Yin and Yang

3rd March 2014

"… an amphitheatre of quiet spectacular features …"
- Jeff Copolov, Bates Smart

With its undulating form, Convesso Concavo fits right into the physical landscape of Victoria Harbour, as well the psychic one. Rowena Robertson spoke about the concept behind the project with Jeffery Copolov from Bates Smart, the development’s architects.

Perhaps you’re lucky enough to reside in Convesso already; perhaps you’re simply an admirer. Whatever the case, this residential building is some of the most distinctive architecture at Victoria Harbour, and with its ‘twin’ Concavo now well on the way, we’re soon to see the project as it was always intended to be seen.

Situated right on the water, the two northfacing towers are set in “an amphitheatre of quite spectacular features” as Jeffery Copolov of Bates Smart, the buildings’ architects, asserts. ( These include the Bolte Bridge, the Melbourne Star Observation Wheel, Etihad Stadium and, of course, the water.) “We think it’s probably the finest spot in Docklands.”

The buildings were conceived as the Yin and Yang to each other; they were intended to be read in harmony and be linked by a strong fluidity. “There is the idea that the two buildings face each other – when you arrive you get glimpses through to the water,” says Copolov. “By having the laneway in between we created a mini civic square – both lobbies face onto this square, so there’s a hub of activity, but you also have landscape that takes you through to the water’s edge beyond.”

A ‘fluid’ theme is also present in the actual form of the buildings: the design references the undulations of the water. In addition, careful consideration has been given to the tones of the exterior.

“The colours we used are very much about reflecting the watery qualities and keeping it modern, light and bright,” says Copolov.

Copolov was the recipient of the Gold Medal at the 2013 Interior Design Excellence (IDEA) Awards, and Convesso Concavo’s interiors show his skill and close attention to making these apartments as sympathetic to their environment and as homelike as possible. This is in keeping with Bates Smart’s approach to interiors in general – the firm believes in affording them as much importance as the exterior. “A lot of people say they go into a Bates Smart building and they get a sense it’s a Bates Smart building,” says Copolov. “I think that’s about design execution and resolution and substance. I think you go into a lot of interiors that haven’t really been thought out by an interior designer, as opposed to an architect.”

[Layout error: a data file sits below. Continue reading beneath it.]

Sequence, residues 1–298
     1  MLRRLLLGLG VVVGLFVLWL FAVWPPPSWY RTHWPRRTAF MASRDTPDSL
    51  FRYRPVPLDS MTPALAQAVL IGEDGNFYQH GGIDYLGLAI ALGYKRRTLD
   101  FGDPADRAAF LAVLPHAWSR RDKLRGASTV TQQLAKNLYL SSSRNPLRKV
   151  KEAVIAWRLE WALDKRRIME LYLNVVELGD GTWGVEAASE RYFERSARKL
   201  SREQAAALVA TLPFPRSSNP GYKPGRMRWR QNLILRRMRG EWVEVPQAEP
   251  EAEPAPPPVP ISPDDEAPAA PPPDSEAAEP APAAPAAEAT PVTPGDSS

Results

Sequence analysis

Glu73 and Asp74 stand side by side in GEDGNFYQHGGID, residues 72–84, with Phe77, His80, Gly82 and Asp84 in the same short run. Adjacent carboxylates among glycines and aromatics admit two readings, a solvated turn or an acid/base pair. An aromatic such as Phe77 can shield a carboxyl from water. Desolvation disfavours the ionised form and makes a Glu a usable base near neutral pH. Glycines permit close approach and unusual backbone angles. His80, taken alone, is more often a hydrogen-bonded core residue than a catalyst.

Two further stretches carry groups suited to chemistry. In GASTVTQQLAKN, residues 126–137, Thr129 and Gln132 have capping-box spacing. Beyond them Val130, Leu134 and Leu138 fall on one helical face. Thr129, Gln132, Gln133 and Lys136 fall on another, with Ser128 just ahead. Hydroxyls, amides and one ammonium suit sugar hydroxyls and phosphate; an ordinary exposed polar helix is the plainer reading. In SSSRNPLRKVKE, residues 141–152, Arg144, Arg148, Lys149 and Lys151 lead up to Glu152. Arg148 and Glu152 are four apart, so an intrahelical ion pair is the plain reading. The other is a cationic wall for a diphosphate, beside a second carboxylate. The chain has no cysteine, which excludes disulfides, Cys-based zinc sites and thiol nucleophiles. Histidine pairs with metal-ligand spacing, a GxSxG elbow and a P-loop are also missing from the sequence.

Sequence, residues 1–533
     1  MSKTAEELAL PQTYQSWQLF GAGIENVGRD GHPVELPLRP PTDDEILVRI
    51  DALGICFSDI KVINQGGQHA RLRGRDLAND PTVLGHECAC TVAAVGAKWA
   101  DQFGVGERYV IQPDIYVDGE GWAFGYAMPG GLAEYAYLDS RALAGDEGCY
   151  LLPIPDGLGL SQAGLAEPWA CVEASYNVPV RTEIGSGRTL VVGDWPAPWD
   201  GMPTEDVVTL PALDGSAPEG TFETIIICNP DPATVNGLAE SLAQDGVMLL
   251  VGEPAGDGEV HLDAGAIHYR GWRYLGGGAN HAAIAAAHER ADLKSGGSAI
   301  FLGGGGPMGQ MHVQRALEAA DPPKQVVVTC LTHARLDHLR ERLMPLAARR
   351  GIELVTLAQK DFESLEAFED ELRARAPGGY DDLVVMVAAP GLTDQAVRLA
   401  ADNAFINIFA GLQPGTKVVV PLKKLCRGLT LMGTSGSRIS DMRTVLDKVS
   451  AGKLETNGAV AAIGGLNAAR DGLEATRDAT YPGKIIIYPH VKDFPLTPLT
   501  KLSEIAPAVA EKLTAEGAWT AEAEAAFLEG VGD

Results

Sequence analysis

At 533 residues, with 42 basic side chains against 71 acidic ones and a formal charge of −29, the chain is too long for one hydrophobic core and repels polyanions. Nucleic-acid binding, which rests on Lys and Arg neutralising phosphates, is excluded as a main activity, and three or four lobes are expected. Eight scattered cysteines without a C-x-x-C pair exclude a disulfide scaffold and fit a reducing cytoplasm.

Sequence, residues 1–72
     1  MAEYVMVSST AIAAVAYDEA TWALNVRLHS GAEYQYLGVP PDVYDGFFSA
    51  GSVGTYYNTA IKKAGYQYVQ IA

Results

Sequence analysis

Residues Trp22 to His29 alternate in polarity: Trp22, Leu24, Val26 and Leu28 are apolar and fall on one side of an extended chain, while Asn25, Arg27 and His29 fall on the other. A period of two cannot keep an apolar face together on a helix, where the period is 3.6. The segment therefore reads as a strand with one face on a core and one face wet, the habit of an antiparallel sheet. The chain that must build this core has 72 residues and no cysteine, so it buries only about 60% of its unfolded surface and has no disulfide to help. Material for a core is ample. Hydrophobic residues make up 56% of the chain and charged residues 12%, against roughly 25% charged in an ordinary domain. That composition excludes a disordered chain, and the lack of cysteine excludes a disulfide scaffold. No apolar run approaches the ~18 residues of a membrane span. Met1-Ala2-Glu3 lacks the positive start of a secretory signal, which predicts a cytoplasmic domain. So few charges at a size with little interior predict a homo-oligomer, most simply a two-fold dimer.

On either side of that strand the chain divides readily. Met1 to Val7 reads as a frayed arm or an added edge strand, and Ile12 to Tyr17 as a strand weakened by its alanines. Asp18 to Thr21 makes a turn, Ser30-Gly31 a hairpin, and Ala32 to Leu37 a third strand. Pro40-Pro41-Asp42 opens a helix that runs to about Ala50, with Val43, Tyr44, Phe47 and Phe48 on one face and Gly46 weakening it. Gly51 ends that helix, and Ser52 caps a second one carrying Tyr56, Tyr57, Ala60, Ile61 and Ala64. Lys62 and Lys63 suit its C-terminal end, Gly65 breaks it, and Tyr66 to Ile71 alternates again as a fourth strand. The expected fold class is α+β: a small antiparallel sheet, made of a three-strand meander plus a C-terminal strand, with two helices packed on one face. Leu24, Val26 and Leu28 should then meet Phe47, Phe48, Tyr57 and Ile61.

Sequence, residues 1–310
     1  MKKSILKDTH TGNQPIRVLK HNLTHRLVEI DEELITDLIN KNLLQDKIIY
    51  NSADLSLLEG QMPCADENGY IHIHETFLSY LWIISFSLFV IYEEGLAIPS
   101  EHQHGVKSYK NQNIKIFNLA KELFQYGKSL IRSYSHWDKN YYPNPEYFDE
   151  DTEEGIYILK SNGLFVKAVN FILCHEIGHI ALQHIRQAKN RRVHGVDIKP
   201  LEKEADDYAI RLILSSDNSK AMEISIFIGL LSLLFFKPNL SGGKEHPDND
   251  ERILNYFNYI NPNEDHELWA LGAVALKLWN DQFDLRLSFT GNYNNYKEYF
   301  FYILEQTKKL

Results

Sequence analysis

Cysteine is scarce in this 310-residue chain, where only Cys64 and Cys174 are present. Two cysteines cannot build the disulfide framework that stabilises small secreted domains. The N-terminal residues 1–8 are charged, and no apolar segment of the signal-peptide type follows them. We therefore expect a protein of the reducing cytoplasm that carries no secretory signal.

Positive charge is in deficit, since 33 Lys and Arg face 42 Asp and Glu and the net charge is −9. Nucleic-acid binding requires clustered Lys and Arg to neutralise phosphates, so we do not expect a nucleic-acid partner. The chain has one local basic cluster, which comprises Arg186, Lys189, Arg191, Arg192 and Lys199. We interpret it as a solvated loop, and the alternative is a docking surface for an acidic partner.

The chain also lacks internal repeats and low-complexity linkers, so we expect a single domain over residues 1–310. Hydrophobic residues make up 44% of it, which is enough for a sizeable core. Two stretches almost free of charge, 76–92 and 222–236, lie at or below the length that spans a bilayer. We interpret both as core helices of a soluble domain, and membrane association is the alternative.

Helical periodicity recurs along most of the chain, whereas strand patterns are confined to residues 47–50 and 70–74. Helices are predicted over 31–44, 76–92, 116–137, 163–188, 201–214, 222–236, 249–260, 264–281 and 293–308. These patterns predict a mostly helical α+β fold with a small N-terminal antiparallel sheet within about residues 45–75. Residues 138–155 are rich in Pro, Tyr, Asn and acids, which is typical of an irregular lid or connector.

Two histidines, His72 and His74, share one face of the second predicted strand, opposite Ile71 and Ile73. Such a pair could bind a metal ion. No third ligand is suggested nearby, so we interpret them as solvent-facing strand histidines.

As with the exterior, the fundamental concept for the Convesso Concavo interiors was “light, fresh and bright”. Windows in the apartments are mostly full height, and there are generous balconies and terraces. The design allows light to flow in and bounce through each apartment; the rippling water from outside is atmospherically reflected as dappled light on the ceilings and on the undersides of eaves.

Bates Smart has been keen to create “timeless” interiors for the buildings. “The interiors won’t date – they’re clearly contemporary, but not based only on the latest trends,” says Copolov. “There’s a sufficient play between having personality and being beautifully designed and detailed, and allowing the purchasers to implant their own personality onto an interior that doesn’t dominate the furnishings and art they want to add.”

Public spaces, such as the communal residents’ lounge in Concavo, have been treated as extensions of the residents’ own domestic space and detailed accordingly. “We’ve really treated [the lounge] like a very large comfortable, contemporary family room,” says Copolov. “It’s designed in a really tasteful, contemporary, chic, light, bright, friendly – not brooding – way. It’s all about keeping the elements light and using real materials – stones, textured linens and fabrics, timbers with quite exposed grains.”

Apartment living is becoming more and more popular in Melbourne, and Copolov is uniquely placed to identify its appeal. He believes it’s all about convenience, and value for money. “There’s the convenience of having things taken care of for you – there’s a concierge, the maintenance is done. It’s about taking away the problems of contemporary urban life … If you think about modern life, all of our pressures mean that there’s less and less time to do things you don’t necessarily want to do, like look after the place. We like to think our apartments are well thought through and make living easy.”

Copolov is animated about how he believes Docklands is the ideal spot for apartment living, and also about Victoria Harbour more specifically. “With any urban environment, there’s a certain amount of wear that it needs. It’s like a beautiful handbag or pair of shoes … I think Victoria Harbour is starting to reach that point; in another five, ten years it’s going to feel even better than it does already. I think the great thing about this place is it’s one of the great sites to begin with, so it’s got a massive head start.”

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